President Donald Trump is set to reveal his decision on whether to keep the U.S. in the Iran deal on Tuesday, a move that could determine the fate of the 2015 agreement on Iran’s nuclear program.
The announcement is set to cap more than a year of deliberation and negotiation that has at time pitted Trump against some of his closest aides and key American allies. Trump is facing a self-imposed May 12 deadline over whether to uphold the 2015 nuclear agreement, which he long has criticized. The president has signaled he will pull out of the pact by the deadline unless it is revised, but he faces intense pressure from European allies not to do so.
“I will be announcing my decision on the Iran Deal tomorrow from the White House at 2:00pm,” Trump tweeted Monday.
I will be announcing my decision on the Iran Deal tomorrow from the White House at 2:00pm.
— Donald J. Trump (@realDonaldTrump) May 7, 2018
It is not immediately clear what Trump will announce Tuesday or whether he will announce the end of the deal or push for a renegotiation. Trump in October “decertified” the deal with Iran, but did not move to re-impose sanctions, known as a “snap-back.”
Meanwhile, the foreign ministers of France and Germany say they will hold on to the nuclear agreement with Iran, regardless of the upcoming U.S. decision on whether to nix the deal.
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France’s top diplomat, Jean-Yves Le Drian, says the three European countries that were part of the deal — France, Britain and Germany — are committed to maintaining it.
Le Drian said Monday in Berlin that “we will continue it independently of the American decision.”
His German counterpart, Heiko Maas, said Berlin, too, wants to stick by the deal, which he said “makes the world a safer place and without it the world would be less safe.”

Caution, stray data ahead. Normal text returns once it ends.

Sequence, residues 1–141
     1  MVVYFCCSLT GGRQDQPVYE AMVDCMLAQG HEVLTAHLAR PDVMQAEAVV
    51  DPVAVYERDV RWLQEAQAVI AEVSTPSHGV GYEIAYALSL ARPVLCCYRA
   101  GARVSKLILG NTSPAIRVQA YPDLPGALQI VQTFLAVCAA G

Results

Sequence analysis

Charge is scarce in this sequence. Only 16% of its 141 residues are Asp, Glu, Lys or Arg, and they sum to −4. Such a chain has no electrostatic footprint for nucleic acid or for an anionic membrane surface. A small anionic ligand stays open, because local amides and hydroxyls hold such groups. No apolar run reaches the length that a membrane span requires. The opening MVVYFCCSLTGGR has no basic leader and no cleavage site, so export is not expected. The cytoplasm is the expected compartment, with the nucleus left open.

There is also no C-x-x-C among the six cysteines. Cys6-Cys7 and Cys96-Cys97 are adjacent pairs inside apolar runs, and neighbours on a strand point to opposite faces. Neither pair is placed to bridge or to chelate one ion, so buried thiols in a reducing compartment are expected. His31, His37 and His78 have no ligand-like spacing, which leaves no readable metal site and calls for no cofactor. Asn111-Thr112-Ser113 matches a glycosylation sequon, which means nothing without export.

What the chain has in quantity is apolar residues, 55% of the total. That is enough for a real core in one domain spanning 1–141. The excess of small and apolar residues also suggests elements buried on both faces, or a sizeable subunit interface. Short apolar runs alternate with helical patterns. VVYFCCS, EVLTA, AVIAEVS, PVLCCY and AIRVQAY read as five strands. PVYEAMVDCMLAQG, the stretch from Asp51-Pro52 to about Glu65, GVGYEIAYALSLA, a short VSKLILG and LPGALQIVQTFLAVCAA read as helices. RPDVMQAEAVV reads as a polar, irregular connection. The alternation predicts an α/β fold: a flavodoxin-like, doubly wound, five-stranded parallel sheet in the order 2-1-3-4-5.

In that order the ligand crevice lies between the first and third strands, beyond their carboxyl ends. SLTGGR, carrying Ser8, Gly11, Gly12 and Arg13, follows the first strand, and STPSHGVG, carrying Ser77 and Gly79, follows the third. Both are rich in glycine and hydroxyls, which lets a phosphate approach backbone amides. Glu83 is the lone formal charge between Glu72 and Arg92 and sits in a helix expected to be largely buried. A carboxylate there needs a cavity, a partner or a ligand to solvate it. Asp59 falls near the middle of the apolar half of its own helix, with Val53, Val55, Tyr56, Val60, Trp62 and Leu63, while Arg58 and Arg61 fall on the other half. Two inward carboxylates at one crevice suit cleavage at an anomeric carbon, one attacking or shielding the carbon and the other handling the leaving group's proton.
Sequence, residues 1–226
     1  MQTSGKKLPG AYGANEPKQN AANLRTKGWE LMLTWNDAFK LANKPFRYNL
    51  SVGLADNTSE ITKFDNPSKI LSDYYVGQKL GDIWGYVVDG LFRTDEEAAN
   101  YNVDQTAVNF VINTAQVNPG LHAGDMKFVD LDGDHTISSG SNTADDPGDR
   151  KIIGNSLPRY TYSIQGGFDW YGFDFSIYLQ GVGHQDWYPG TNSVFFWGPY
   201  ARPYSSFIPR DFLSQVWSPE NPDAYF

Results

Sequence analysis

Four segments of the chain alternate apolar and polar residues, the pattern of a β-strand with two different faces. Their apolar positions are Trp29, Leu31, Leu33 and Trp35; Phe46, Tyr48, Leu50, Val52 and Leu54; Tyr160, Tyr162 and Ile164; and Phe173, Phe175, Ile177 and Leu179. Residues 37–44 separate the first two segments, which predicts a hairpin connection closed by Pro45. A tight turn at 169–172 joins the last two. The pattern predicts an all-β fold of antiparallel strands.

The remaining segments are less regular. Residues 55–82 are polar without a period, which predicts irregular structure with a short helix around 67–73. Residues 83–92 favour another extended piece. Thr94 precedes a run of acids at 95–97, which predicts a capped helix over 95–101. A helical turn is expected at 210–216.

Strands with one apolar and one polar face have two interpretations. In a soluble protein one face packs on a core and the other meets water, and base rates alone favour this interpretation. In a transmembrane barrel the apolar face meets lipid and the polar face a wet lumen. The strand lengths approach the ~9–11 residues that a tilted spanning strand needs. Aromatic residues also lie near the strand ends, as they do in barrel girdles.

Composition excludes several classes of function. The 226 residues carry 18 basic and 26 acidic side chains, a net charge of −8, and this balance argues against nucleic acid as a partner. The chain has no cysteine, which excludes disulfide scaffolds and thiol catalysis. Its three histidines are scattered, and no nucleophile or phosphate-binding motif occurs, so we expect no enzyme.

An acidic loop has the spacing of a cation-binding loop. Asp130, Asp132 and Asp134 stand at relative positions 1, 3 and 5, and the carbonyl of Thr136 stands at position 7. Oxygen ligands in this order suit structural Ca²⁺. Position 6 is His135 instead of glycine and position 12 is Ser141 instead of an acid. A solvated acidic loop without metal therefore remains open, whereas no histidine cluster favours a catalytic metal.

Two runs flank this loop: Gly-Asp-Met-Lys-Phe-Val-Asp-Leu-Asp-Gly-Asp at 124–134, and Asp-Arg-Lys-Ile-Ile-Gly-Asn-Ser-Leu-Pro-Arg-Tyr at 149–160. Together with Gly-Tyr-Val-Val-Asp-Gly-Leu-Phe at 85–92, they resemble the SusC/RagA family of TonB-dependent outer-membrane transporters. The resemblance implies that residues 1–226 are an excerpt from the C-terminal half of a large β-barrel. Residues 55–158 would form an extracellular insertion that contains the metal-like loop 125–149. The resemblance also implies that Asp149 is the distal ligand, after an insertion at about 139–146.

Trump has been the subject of an intense lobbying effort by American allies to maintain the agreement, with British Foreign Minister Boris Johnson making a last-ditch appeal to the administration in a visit to Washington this week. European leaders say that they are open to negotiating a side agreement with Iran, but the existing framework must remain untouched for that to happen.
On Monday, Iranian President Hassan Rouhani said Iran would be willing not to abandon the nuclear deal even if the United States pulls out, providing the European Union offers guarantees that Iran would keep benefiting from the accord.
Rouhani said that “what we want for the deal is that it’s preserved and guaranteed by the non-Americans” — a reference to other signatories of the 2015 agreement.
U.S. officials and European allies share the conclusion that the deal, known formally as the Joint Comprehensive Plan of Action (JCPOA), has halted Iran’s development of nuclear weapons. Trump has objected to a sunset provision that would allow Iran to restart some nuclear development in 2025.
Supporters of the deal argue that withdrawing from the JCPOA would undermine Trump’s push for North Korea, which has a far more advanced nuclear program than ever possessed by Iran, to denuclearize. Trump is planning on meeting with North Korea’s Kim Jong Un within the next month.